USI’s colleges work to increase student enrollment numbers


Photo by Ian Young

Students walk away from the Liberal Arts Center Wednesday. Departments and staff prepare plans to increase student enrollment after an 11-year decline.

Ian Young, Staff Writer

The university’s colleges are working to increase student enrollment after student enrollment decreased for the 11th year in a row. 

The Fall 2022 total enrollment was 7,361 students compared to the 7,938 students for Fall 2021. The 7% decrease in enrollment from Fall 2021 to Fall 2022 follows a decade of decreasing enrollment. 

The university’s enrollment numbers follow the national trend of decreasing enrollment. According to the National Center for Education Statistics, national undergraduate enrollment decreased by 9% between 2009 and 2020. 

Provost Mohammed Khauym was first contacted Oct. 31 by The Shield, and, as of Nov. 11, had not responded for comment. Rashad Smith, executive director of enrollment, was contacted Oct. 31 and directed The Shield to the University’s Communications’ Sept. 19 press release that announced the Fall 2022 decreased enrollment. 

According to the press release, Khayum said the university’s success in increasing graduation rates will require the university to place more urgency on reversing the decline in the size of new freshman classes.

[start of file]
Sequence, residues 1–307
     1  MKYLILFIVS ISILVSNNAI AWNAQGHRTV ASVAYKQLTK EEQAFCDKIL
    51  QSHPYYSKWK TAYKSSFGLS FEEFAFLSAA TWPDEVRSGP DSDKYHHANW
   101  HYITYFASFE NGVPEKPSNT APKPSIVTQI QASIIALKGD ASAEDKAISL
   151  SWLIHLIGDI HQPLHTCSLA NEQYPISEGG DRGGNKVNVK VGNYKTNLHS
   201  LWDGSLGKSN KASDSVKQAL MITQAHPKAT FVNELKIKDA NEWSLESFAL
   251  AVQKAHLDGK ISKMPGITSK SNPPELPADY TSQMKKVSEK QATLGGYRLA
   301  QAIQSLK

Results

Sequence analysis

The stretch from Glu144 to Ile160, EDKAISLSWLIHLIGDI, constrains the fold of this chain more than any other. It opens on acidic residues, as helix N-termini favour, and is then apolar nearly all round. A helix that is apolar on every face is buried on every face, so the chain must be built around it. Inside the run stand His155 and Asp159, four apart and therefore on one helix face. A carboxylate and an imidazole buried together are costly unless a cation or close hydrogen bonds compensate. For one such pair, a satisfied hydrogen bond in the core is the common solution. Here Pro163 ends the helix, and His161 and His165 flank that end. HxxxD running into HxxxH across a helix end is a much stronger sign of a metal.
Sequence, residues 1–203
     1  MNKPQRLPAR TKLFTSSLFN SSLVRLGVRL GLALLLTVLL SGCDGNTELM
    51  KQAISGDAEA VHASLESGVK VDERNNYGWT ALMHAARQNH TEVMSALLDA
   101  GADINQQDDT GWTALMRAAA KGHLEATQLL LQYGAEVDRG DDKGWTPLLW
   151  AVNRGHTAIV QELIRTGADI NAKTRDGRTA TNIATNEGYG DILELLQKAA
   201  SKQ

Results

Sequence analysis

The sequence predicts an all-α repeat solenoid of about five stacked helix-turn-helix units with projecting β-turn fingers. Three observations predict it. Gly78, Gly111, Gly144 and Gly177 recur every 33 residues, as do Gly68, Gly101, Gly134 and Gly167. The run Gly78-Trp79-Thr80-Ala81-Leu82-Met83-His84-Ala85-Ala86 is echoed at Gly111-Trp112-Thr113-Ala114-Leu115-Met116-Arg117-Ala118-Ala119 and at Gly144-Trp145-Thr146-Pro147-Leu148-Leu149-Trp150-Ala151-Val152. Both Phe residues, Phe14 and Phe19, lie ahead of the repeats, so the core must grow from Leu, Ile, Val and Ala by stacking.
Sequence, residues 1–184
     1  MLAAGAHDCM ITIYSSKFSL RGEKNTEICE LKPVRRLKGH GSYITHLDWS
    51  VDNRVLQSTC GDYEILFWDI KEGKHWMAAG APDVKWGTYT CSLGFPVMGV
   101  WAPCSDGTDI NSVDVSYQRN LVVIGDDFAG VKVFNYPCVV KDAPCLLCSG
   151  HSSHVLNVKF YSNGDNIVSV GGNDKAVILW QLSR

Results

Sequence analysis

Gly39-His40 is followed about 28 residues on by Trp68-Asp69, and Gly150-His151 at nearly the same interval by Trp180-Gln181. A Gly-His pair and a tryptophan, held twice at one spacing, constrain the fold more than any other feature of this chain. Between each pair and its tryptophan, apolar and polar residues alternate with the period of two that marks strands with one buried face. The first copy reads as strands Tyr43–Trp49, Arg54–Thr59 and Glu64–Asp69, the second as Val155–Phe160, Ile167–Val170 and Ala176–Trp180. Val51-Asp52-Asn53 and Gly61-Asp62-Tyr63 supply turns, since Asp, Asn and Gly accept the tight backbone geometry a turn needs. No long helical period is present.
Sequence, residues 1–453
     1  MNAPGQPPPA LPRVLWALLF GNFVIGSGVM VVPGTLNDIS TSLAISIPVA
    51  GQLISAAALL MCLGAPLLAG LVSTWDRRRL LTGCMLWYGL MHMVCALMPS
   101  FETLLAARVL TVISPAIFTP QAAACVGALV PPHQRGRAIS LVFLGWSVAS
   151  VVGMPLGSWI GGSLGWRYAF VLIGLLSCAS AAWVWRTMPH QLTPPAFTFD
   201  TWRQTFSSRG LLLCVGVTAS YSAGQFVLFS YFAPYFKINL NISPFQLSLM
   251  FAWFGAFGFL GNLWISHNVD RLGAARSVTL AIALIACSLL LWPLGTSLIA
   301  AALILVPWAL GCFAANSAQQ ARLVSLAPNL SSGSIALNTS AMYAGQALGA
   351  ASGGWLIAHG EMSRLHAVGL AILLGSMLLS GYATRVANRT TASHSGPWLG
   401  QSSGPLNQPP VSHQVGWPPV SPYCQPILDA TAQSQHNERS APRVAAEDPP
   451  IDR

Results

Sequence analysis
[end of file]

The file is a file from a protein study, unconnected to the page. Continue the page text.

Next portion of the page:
The College of Liberal Arts and the Romain College of Business are working to improve enrollment numbers for their colleges. 

Del Doughty, dean of the College of Liberal Arts, said representatives from the college are beginning to work with local high school principals and guidance counselors to improve recruitment. 

“Instead of just looking at data like GPA or test scores, we go out and ask high school principals and counselors,” Doughty said. “It’s kind of like a holistic way of looking at students and trying to find the right fit for them.”

He said they are looking for students who might not have achieved high academic success. 

“Principles and guidance counselors can see the promise in a person, and we’re just asking them to send them our way,” Doughty said.

Doughty said the College of Liberal Arts and the Romain College of Business are looking for students who are “curious, intellectually adventurous” and have “untapped potential.”

Sudesh Mujumdar, dean of the Romain College of Business, said the high schoolers will still have to go through the application process. The college has made contact with several schools in the Evansville Vanderburgh School Corporation. 

Mujumdar said the long-term goal is to build longer-term relationships with high schools. 

“I talked about building these bonds with high schools early on when I applied for the position as dean,” Mujumdar said. “If we build these bonds early on, maybe they’ll choose us as their partners in their journey to their successful future.”

Mujumbar said improving enrollment numbers is more than making the right advertisement campaign, it is creating the university students want to see. 

He said, “If you don’t do the hard work early on, thinking about what value our students want to see, it’s not going to be that meaningful.”